SEPTA to travelers: ‘Respect the Train’

SEPTA train
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As SEPTA gears up for its seventh annual Safety Day on May 1, the transit agency is urging pedestrians and motorists to remember the mantra, “respect the train.”

“We’ve seen the images of devastating grade crossing accidents from across the country. On April 8, one of those accidents happened on our Media/Elwyn Line tracks,” SEPTA General Manager Jeffrey Knueppel said Wednesday.

Knueppel was referring to an incident in Lansdowne in which a woman who was apparently unaware that a train was passing through tried to drive around railroad arms. A train slammed into the woman’s SUV, killing her. The accident happened despite the presence of  rail crossing markers, arm bars and light-up signs at the intersection.

“One life is too many in an accident that could have been even more catastrophic,” Knueppel said. “SEPTA remains committed to educating our communities about rail grade crossing safety in order to reduce collision incidents that result in injury or devastating loss.”

SEPTA officials said rail trespassing is one of the top safey concerns, and advised people traveling by foot and car to observe important safety precautions when near train tracks and grade crossings. Closing gates, warning bells and flashing lights indicate that a train is approaching and has the right of way. 

In addition to safety concerns, there are also financial considerations for those who don’t observe the rules. Transit officials warned that drivers passing through flashers or crossing gates are in violation of motor vehicle laws and are subject to heavy fines. Motorists should look for road markers that indicate the safest distance for their cars to stop from the grade crossing when the gates are down.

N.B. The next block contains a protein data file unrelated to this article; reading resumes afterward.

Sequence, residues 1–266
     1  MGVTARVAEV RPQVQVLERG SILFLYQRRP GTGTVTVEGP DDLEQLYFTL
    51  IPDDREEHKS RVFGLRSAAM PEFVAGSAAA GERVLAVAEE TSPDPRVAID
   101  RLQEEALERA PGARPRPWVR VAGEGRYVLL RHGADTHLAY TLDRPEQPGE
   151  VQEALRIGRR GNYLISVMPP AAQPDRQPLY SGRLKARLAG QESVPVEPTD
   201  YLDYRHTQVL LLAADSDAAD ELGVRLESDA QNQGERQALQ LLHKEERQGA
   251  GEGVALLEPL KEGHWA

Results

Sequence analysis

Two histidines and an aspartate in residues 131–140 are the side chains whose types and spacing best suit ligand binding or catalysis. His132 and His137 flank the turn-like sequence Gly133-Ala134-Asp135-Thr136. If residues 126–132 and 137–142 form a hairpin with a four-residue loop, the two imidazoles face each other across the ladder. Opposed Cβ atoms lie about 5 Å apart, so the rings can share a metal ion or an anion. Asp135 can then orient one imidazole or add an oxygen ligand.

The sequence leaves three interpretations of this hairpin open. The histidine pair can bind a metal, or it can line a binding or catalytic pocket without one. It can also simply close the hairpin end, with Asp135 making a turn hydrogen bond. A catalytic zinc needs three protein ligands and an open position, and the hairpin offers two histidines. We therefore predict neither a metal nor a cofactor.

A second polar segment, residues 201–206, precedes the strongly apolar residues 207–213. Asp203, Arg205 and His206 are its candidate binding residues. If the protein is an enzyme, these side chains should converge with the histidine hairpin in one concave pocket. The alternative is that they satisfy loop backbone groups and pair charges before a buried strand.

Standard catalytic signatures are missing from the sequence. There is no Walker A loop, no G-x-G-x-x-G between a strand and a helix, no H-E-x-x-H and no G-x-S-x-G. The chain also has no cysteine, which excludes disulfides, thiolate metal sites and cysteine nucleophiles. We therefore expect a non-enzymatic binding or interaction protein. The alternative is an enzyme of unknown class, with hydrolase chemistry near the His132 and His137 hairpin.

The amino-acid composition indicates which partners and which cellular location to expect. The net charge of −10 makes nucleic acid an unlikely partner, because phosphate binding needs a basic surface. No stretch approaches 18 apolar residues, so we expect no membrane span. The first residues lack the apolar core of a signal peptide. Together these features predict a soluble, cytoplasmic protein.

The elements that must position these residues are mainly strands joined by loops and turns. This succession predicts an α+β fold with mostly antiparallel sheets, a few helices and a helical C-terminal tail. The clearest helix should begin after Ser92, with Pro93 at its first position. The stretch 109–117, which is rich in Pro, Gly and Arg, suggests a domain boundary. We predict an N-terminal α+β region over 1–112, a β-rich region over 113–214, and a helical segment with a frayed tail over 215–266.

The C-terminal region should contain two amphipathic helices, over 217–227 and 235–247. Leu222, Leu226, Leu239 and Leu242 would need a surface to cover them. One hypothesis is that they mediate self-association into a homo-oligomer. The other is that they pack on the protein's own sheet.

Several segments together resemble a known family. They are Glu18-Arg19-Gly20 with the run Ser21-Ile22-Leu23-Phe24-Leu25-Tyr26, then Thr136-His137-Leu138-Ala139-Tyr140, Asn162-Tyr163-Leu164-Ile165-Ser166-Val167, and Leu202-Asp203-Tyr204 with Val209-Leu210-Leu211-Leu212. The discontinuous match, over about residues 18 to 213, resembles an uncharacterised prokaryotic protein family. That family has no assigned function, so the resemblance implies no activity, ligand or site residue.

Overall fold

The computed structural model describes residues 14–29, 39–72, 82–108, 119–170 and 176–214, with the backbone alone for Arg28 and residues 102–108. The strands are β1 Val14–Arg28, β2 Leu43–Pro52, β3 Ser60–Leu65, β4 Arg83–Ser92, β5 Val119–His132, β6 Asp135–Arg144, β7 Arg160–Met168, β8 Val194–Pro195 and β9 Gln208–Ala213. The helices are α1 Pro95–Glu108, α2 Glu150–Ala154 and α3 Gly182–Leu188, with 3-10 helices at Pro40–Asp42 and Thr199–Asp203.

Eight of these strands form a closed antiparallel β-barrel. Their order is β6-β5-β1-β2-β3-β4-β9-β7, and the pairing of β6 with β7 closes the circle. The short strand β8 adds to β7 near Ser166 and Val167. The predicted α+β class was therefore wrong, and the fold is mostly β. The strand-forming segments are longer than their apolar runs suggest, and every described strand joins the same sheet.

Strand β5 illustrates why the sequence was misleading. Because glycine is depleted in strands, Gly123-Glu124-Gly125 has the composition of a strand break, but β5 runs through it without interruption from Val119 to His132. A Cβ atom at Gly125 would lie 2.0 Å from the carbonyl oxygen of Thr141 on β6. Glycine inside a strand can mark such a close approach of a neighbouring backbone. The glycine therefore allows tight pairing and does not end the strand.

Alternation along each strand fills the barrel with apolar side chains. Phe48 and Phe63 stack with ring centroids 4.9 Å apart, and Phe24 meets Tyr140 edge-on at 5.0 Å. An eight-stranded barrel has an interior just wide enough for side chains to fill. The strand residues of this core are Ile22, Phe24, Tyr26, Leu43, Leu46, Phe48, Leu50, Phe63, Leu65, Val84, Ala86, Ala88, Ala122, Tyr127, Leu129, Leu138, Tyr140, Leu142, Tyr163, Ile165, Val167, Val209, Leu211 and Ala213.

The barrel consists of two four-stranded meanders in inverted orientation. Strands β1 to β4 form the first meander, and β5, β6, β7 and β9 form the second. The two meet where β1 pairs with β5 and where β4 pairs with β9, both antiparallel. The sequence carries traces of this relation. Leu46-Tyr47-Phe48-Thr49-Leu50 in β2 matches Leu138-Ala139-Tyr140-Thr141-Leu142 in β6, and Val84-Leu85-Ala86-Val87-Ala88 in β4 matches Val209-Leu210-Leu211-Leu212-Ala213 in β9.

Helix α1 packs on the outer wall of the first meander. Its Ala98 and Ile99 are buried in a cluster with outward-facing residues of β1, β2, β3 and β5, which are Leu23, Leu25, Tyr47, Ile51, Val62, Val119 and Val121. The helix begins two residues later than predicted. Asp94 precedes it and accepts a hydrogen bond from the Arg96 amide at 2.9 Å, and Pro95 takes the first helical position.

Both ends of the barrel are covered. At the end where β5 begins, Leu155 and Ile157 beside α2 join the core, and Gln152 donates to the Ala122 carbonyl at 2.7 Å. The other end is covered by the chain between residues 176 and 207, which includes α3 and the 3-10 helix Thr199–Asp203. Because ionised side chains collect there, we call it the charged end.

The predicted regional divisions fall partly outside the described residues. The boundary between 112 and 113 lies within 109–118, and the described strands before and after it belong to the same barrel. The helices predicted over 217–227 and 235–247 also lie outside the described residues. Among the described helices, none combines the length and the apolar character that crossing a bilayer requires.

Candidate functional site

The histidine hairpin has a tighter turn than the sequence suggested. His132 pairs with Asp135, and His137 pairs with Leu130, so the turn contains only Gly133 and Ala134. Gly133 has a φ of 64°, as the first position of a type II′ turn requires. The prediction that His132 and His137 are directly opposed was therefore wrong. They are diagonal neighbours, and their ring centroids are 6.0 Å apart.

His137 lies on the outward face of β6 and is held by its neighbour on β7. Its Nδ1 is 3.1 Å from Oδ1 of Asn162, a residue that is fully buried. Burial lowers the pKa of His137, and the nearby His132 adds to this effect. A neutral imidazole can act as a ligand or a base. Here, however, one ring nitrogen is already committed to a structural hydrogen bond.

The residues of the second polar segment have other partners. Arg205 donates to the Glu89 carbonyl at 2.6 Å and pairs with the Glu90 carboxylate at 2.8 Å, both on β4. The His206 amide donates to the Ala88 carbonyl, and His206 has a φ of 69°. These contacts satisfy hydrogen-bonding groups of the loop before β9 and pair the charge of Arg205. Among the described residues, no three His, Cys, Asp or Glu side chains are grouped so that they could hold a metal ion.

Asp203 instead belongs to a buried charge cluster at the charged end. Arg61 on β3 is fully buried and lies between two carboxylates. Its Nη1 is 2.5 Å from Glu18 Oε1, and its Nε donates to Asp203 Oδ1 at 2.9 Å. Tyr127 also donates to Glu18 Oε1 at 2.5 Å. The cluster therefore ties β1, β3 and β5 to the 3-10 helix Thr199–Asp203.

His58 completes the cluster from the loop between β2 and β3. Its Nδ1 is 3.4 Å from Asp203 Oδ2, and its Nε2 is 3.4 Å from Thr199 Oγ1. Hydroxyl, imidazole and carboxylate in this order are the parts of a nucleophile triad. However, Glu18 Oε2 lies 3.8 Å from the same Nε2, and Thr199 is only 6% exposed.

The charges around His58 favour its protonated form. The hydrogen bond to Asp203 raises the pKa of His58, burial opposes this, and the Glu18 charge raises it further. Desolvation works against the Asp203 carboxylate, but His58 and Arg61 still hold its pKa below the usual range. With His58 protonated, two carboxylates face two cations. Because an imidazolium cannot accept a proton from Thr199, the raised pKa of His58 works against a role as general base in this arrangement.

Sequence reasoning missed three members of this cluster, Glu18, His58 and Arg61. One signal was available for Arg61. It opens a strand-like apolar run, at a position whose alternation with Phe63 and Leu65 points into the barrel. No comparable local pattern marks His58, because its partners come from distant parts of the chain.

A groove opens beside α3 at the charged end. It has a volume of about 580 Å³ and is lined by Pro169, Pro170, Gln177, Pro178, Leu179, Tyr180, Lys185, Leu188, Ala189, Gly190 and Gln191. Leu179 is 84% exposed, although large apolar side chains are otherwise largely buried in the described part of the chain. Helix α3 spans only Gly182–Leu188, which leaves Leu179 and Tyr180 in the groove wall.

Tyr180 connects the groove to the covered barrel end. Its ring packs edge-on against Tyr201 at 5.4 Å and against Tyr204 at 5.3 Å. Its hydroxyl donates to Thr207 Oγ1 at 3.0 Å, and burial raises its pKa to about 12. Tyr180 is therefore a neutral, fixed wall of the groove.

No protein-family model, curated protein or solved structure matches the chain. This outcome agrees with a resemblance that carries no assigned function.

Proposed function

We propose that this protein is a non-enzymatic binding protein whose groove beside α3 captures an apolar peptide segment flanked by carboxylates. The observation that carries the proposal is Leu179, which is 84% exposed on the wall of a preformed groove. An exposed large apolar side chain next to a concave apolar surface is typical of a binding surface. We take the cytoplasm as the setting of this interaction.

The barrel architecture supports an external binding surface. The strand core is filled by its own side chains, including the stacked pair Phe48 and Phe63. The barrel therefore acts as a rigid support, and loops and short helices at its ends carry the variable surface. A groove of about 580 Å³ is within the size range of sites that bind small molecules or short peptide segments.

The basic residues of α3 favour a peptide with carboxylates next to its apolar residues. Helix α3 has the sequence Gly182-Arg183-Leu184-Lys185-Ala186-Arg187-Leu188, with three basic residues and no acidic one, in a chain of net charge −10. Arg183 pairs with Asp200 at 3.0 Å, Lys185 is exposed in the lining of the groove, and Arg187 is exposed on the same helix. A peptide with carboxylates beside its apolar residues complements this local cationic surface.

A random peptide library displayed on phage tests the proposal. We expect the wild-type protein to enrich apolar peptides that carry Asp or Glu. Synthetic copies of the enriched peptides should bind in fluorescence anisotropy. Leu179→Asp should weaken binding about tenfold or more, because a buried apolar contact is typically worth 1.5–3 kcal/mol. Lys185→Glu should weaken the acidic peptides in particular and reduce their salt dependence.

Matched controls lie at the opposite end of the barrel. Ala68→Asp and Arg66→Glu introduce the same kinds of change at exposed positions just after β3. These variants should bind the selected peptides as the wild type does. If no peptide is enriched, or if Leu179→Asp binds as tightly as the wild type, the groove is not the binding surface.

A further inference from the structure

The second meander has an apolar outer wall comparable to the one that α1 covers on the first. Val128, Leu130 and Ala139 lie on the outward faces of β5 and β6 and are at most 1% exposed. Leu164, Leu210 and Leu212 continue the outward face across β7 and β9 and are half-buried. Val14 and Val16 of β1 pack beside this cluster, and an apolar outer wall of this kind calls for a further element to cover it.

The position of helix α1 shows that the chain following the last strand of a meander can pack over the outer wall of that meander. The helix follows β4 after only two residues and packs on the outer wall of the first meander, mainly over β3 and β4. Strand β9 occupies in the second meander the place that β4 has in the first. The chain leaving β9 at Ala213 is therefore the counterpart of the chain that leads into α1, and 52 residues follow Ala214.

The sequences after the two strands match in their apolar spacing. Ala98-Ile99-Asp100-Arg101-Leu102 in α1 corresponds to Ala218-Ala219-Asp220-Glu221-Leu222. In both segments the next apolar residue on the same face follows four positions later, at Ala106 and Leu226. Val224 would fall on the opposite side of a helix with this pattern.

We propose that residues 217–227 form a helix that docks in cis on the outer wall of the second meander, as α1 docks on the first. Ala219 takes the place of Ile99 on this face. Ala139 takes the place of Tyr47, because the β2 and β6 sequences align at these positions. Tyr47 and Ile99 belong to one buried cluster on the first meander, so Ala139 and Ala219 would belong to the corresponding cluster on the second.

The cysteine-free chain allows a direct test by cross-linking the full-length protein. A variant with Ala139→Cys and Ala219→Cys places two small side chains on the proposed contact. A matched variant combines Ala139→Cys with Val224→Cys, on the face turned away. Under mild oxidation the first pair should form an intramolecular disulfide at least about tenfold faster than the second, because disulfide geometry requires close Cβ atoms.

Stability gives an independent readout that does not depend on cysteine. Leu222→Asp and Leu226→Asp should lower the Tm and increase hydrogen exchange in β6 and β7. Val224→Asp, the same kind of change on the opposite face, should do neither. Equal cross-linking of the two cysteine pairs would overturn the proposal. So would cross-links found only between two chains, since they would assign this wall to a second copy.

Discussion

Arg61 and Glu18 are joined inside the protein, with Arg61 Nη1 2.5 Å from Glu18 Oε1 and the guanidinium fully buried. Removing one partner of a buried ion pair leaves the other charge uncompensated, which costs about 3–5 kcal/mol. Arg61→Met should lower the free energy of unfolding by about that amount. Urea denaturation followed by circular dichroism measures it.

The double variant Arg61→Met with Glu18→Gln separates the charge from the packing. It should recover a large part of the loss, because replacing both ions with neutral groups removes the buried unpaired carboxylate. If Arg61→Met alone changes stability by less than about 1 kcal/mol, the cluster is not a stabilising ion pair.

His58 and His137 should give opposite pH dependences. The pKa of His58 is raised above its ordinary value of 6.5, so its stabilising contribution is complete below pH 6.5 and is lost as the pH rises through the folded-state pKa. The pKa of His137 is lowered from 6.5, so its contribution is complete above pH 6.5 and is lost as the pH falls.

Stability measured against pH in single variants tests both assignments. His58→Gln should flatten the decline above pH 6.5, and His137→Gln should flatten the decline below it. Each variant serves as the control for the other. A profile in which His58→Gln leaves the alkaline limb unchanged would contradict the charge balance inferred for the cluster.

“Never travel into a crossing until the flashing lights go out completely,” SEPTA Assistant General Manager of System Safety Jim Fox said Wednesday. “There may be a second train coming from the opposite direction that will re-activate the gates. Trains can’t swerve to avoid something in their way or stop on a dime like a rubber-tired vehicle.”

Fox also advised against driving onto tracks at a grade crossing unless there is plenty of space to pull ahead. 

“The crossing gates could come down with your car on the tracks and no room to drive forward or reverse back,” he said.

And listen up — people may be under the impression that they can wait until they hear a train coming before they clear the tracks, but transit officials warned against that.

“Today’s trains aren’t loud. Electric vehicles and welded rails mean trains no longer make that clickety-clack noise. You won’t know the train is coming until it’s too late to get out of the way,” said Knueppel.

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